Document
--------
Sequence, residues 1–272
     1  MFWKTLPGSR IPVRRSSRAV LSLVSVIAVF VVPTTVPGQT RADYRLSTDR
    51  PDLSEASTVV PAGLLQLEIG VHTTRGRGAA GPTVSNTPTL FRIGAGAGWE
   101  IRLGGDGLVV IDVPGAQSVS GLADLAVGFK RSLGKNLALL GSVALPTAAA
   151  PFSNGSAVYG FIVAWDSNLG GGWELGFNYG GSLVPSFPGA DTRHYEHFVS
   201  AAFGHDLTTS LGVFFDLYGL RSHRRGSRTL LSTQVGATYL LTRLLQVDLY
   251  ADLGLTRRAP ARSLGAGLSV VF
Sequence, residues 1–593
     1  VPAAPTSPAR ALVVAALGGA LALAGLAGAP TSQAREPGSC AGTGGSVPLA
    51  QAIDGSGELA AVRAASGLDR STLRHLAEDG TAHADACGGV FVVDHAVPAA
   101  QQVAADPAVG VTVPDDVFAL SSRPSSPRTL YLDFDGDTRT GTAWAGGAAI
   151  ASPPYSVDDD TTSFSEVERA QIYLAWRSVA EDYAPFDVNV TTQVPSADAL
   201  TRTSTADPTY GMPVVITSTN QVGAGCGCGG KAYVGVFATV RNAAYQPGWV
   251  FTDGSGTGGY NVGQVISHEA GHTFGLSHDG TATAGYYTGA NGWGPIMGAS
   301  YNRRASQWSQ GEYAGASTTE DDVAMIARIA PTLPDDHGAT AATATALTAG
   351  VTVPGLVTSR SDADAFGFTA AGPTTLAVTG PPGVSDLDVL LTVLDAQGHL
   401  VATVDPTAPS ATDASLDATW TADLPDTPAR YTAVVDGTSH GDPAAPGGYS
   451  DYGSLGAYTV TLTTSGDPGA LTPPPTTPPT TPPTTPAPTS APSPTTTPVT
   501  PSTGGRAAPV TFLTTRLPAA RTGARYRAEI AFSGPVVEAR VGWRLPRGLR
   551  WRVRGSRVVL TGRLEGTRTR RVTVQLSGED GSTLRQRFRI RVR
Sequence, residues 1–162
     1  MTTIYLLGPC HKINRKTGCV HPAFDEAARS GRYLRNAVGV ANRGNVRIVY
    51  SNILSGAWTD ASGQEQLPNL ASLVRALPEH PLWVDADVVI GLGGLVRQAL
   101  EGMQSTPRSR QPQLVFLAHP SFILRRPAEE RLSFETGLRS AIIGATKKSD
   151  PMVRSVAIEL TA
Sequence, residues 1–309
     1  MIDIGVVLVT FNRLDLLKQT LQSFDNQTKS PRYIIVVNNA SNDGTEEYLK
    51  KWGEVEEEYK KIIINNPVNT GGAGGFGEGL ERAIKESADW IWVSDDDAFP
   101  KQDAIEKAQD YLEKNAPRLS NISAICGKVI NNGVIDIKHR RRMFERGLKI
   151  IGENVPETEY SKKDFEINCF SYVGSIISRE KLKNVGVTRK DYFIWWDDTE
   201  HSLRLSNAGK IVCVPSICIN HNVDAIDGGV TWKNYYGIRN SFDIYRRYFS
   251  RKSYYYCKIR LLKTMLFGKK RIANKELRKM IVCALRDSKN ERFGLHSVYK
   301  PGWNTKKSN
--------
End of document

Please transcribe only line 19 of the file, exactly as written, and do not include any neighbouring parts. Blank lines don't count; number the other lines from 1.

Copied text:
   501  PSTGGRAAPV TFLTTRLPAA RTGARYRAEI AFSGPVVEAR VGWRLPRGLR